## DEV Community

Dom Habersack

Posted on • Originally published at islovely.co

# 🔥 Getting the largest number from an array

`Math.max()` returns the largest of zero or more numbers passed to it. We can use the spread operator when passing an array to get the largest number from that array.

``````// get the largest number from a list of numbers
Math.max(69, 420, 108, 47)  // ⇒ 420

// passing an array instead of individual numbers returns `NaN`
const numbers = [69, 420, 108, 47]
Math.max(numbers)           // ⇒ NaN

// we get the expected result by spreading the array
const numbers = [69, 420, 108, 47]
Math.max(...numbers)        // ⇒ 420
``````

𒎏Wii 🏳️‍⚧️ • Edited
``````[1, 2, 3, 4, 5, 6].reduce((a,b) => Math.max(a, b)) // EDIT: you can leave the extra argument out ;P
``````

In any sane programming language, you'd just do

``````[1, 2, 3, 4, 5, 6].fold(math.max)
``````

but alas, JS masterfully breaks every existing pattern except those coming from C.

I think you're picking a hole in JS where there isn't one, except, perhaps, in the `Math.max` function. You could easily create a function which will work very happily with reduce:

``````const maxOfTwo = (a: number, b: number) => a > b ? a : b;

[1, 2, 3, 4, 5, 6].reduce(maxOfTwo);
``````

Dom Habersack

Nice alternative! That is the way I used to do this before the spread operator. Works just as well.

You might want to safeguard this with Number.NEGATIVE_INFINITY as the initial value in `reduce` in case of an empty array. `Math.max()` also returns `-Infinity` when called without any parameters.

That'd surely be worth doing, I really only added that code to give an example close to the code that was quoted.

Dom Habersack

Fair enough. 👍

𒎏Wii 🏳️‍⚧️

I think you're picking a hole in JS where there isn't one

There definitely is. The problem here is a clash between two good intentions:

1. Allowing more than two arguments in the max function
2. Passing extra information to the combining function

The first one is unnecessary. It's only a bit more convenient to write `max(a, b, c)` than `[a, b, c].fold(max)`, but it's still something that makes sense.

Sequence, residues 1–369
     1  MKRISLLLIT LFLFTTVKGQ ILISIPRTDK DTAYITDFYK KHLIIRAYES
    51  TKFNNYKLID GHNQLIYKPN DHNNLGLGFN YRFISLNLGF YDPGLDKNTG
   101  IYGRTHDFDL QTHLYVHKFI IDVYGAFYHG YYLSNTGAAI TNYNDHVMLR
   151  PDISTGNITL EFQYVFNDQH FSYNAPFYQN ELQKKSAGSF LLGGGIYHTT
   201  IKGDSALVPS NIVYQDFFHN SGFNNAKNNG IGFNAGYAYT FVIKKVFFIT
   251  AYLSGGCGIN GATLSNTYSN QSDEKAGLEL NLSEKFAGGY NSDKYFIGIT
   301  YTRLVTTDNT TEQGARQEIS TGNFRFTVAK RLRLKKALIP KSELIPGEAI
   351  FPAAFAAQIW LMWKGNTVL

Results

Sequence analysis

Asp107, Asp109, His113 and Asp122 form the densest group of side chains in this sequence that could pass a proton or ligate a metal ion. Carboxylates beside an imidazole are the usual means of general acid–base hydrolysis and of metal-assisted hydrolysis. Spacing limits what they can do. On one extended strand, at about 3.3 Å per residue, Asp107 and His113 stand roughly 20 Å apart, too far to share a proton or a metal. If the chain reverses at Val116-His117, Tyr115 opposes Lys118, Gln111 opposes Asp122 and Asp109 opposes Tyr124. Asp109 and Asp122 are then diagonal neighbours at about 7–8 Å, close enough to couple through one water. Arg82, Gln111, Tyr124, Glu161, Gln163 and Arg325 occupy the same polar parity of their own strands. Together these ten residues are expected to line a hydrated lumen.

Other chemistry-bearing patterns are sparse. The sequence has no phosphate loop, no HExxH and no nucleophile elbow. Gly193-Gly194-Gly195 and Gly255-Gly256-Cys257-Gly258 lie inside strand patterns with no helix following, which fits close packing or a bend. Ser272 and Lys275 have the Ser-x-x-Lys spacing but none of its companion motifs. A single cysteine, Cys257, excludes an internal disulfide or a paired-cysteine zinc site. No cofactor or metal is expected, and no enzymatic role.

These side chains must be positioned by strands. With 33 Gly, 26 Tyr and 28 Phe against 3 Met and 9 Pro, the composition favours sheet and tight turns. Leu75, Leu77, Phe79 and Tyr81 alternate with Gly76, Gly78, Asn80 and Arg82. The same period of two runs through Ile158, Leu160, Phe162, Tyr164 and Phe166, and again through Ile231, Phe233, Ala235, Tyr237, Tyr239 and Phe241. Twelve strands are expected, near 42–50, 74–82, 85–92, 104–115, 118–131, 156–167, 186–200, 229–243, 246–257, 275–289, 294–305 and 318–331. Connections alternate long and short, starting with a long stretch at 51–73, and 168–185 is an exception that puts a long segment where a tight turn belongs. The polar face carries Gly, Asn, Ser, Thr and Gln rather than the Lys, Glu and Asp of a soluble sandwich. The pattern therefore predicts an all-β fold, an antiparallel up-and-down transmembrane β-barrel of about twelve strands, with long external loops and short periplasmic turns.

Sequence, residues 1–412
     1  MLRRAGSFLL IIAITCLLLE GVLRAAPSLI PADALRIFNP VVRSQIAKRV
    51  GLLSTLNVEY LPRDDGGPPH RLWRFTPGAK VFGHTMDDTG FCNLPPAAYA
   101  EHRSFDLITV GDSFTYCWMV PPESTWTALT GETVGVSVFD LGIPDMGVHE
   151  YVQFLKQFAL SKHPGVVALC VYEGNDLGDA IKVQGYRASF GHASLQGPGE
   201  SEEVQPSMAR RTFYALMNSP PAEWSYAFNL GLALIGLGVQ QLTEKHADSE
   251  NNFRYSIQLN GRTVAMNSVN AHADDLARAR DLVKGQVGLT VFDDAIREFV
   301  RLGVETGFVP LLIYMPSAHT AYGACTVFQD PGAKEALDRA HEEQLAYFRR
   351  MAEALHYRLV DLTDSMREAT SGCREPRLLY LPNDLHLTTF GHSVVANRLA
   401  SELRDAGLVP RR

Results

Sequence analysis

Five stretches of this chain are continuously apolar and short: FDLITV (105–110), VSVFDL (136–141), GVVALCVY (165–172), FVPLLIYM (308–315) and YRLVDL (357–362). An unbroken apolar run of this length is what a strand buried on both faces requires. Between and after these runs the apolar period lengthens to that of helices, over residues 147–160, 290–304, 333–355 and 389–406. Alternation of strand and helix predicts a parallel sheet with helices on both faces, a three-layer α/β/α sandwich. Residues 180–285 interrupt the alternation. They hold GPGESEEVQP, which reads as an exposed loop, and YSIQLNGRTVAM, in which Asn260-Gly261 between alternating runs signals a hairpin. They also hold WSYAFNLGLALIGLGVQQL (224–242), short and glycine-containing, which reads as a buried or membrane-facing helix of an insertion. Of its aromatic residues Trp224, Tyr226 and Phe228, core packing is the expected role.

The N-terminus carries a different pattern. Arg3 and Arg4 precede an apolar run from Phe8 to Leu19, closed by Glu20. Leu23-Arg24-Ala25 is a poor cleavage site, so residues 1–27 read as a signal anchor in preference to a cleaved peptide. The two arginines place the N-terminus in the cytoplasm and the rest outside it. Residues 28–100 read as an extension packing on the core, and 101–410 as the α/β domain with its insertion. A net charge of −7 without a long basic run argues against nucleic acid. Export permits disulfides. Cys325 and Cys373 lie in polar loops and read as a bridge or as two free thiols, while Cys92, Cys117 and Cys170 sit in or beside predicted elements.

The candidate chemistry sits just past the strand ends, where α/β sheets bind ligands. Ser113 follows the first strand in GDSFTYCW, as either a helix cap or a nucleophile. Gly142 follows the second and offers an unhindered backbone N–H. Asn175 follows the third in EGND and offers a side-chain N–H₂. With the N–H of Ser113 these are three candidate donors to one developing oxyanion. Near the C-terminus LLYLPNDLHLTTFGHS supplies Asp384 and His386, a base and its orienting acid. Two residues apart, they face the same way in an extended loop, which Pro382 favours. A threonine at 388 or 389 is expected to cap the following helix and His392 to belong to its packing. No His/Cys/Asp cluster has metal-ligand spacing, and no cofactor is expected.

The second one, on the other hand, is a giant footgun. It only makes sense in the context of optimization, as using `map` first would result in one temporary array being created, but that should be optimized by the language runtime via stream fusion, not by the specification of the function. Ultimately it will just lead to more confusing code full of functions that do too many things at once, giving it a very procedural feel.

As for your solution, that's basically what I did, except that I wrote the function inline. Another solution would be:

``````const fold (arr, f) => arr.reduce((a, b) => f(a,b))

fold([1, 2, 3, 4, 5, 6], Math.max)
``````

Which, to prevent monkey-patching, sadly loses the method-syntax which makes chaining easier to read.

The first one is unnecessary. It's only a bit more convenient to write max(a, b, c) than [a, b, c].fold(max), but it's still something that makes sense.

I'm sure there are many situations where it's preferable to pass multiple arguments instead of constructing a whole new array to do max. I may find it preferable today to construct an array and use array methods to manipulate it, but those methods are, relatively speaking, very new additions to the language.

Regarding:

Passing extra information to the combining function

I've not yet used a language which doesn't allow providing a seed value into its reduction function. Haskell's foldr requires it. Cloure's reduce allows it. C#'s `Aggregate` allows it to be specified. I wouldn't want to work with a language that didn't allow me to specify a seed value this way.